Dave Righetti on Pitching

Dave Righetti was a good pitcher. In a 16-year career spent mostly with the New York Yankees, he threw a no-hitter and saved over 250 games. He might be an even better pitching coach. “Rags” has held that position with the San Francisco Giants since 2000, and in the opinion of many, he’s among the best in the business.

Righetti’s reputation is well deserved. Under his tutelage, Giants pitchers have made 22 All-Star teams, won two Cy Young awards, and thrown five no-hitters. More importantly, the club has gone to the World Series four times and captured three titles.

Righetti talked about his philosophies — and the repertoires and pitch selection of members of the Giants’ staff — when the team visited Fenway Park in July.

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Righetti on location and changing speeds: “Changing speeds on any pitch is essential, even if it’s a 95-mph fastball. If you can’t back off on it at times and throw it 90, people are going to time it out. The last thing you want to do is throw your hardest fastball every pitch.

“Same thing with a slider. In Sergio Romo’s case, it’s not a 92-mph Robb Nen slider. It’s 77-80, basically, so he needs to slow it down once in awhile, throw it tighter, smaller, quicker. It’s essential to change speeds on your best pitch, no matter what it is.

“Changing location is just as important. A fastball outside and a fastball inside are essentially two different pitches. By eyesight, if you’re a hitter… it’s just common sense. A ball closer to your eyes looks different than a ball farther from your eyes.

“The fastball is a pitch that needs to be controlled to all four corners of the quadrant. It should be the main pitch going into every game, in terms of having to throw it for a strike. Dave Stewart, Curt Schilling, some of those guys got rid of their breaking balls and pretty much threw fastballs and splits. So what was their best pitch? It was a combination of the two.”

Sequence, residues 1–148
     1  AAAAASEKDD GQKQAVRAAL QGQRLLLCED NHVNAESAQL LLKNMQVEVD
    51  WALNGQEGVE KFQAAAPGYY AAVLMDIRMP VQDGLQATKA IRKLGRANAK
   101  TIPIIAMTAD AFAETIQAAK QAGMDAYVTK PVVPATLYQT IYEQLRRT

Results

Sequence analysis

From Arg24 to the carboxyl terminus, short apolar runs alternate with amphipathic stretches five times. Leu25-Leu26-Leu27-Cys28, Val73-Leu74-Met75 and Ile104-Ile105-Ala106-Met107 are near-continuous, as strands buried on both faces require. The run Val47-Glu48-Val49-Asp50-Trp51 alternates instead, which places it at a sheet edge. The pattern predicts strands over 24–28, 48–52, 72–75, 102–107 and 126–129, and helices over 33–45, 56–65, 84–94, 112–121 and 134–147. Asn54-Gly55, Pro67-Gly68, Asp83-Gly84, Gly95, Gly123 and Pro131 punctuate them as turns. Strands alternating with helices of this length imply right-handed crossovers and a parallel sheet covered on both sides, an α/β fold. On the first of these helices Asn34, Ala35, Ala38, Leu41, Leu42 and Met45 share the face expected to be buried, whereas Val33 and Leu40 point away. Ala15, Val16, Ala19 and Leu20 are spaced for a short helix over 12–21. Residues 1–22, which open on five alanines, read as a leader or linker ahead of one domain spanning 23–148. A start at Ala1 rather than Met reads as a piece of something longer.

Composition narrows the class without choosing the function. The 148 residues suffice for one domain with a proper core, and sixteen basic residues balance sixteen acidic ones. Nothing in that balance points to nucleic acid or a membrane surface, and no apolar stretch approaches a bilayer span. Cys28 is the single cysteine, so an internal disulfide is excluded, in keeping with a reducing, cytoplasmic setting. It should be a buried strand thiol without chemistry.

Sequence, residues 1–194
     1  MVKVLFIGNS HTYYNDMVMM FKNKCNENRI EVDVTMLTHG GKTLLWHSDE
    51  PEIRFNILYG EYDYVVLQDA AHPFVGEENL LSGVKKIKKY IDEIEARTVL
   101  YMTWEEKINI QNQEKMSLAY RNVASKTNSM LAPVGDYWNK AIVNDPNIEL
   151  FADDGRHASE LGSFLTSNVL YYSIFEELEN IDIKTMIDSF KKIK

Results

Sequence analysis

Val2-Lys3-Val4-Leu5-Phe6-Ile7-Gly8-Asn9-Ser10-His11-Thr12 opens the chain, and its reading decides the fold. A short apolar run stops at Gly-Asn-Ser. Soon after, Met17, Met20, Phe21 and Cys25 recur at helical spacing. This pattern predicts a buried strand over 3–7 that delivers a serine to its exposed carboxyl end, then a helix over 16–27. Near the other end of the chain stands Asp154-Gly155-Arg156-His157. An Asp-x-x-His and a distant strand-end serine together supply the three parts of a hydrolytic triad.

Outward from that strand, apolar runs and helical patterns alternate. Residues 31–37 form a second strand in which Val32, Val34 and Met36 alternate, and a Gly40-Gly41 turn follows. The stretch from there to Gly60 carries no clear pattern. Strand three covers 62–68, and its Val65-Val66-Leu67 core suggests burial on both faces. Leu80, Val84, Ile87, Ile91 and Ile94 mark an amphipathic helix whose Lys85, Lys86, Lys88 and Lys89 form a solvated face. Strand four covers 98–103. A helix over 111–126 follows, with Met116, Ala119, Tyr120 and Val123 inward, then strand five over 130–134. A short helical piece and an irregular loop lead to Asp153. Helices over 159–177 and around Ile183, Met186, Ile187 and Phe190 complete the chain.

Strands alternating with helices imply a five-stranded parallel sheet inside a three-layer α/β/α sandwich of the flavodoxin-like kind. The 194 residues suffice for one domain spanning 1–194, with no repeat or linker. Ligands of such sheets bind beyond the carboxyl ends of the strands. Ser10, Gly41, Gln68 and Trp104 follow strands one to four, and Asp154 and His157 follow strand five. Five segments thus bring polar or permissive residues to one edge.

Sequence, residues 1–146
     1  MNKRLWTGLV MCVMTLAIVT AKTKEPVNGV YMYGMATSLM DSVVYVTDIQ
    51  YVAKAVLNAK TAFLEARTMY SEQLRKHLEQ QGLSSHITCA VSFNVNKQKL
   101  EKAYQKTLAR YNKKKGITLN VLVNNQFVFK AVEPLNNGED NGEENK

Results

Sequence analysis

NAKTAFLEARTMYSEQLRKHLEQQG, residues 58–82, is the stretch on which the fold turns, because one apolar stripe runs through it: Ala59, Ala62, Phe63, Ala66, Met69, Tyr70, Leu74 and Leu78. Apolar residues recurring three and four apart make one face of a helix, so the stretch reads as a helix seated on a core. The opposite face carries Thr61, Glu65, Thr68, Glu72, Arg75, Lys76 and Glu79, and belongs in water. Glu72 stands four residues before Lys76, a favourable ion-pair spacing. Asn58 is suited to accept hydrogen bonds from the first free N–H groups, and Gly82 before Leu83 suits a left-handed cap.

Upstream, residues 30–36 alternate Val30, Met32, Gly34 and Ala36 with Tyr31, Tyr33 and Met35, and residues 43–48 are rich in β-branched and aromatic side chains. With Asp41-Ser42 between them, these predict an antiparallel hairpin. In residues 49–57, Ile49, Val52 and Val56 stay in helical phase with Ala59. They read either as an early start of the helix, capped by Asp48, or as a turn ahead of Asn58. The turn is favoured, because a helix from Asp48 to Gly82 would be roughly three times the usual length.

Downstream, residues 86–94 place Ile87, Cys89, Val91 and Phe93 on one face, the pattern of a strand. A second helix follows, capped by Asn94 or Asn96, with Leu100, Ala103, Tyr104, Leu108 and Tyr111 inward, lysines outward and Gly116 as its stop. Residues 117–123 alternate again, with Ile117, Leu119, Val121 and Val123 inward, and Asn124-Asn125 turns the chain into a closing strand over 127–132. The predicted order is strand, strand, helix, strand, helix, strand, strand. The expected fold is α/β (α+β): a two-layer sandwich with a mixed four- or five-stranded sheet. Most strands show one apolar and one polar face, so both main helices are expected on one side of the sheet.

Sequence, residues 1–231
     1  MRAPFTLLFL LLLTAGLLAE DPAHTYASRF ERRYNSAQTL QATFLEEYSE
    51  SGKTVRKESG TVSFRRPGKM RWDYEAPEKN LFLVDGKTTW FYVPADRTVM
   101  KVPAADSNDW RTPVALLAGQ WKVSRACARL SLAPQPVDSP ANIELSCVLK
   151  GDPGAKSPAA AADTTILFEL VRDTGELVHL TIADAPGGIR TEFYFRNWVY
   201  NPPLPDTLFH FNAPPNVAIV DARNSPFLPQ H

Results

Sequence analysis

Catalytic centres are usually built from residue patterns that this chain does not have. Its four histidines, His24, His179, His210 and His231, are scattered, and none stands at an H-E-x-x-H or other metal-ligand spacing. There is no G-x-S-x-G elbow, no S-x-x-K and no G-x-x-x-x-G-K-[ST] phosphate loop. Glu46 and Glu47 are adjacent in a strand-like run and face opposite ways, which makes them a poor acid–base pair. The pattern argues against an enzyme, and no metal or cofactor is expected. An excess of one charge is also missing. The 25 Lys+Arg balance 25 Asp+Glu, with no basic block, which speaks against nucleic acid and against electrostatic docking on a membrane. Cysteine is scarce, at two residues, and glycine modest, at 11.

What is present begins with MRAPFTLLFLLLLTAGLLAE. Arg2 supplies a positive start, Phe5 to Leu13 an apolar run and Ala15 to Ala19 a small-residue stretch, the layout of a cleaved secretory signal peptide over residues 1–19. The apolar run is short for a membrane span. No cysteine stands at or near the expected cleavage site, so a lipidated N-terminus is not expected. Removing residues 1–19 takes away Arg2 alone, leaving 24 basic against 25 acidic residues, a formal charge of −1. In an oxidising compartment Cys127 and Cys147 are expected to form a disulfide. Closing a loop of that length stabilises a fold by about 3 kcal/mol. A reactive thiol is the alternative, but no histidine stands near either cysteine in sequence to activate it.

On fastballs and pitch frequency: “We had Barry Zito, whose best pitch was his curveball. He probably didn’t throw it often enough. It just wasn’t engrained in his head, or in anyone else’s, to do that. The fastball is supposedly your best pitch.

“We used to get that when I pitched. When I went from being a starter to a reliever, Billy Martin [yelled] at me, ‘You’ve got to get beat with your best pitch.’ I said, ‘Well, my best pitch against that guy is probably my slider.’ They’d always say that if you had a good fastball, you’ve got to throw it.

Bartolo Colon throws mostly fastballs, but he cuts it, sinks it, runs it a lot. He works on the outside of the plate and he can control it. It’s amazing how some guys don’t want to use their fastball enough. Would they control it better if they threw it more? It’s quite possible that they would.

“If you’re starting a ballgame and throwing 115 pitches — that would be the upper limit — I think 70 fastballs should be around the norm for most. But if you’ve got a guy who can get away with throwing 40 splits or curveballs… not curveballs, you won’t see that. Or cutters… although is that a fastball or just a hanging changeup? That’s all it is half the time.”

On throwing a higher-than-normal percentage of secondary pitches: “I don’t have a problem with that, particularly if you don’t have a good fastball. You have to do what it takes to get guys out. Get people off balance. Change speeds. Changing speeds is still the No. 1 part of the game, and fastball command is part of that.

“Your fastball doesn’t have to be 95. We just spent the last four-to-five years with our highest arm, in terms of speed, being Madison Bumgarner at 93. [Matt] Cain, occasionally. [Jake] Peavy, [Tim] Hudson, [Chris] Heston… the people we had here the last few years… Lincecum was down to, really, the high 80s. They had to throw their secondary pitches more often. That’s just the way it was. And in any given game, a guy’s best pitch might be what is normally his third best. He should lean on it to get through those six, seven innings.”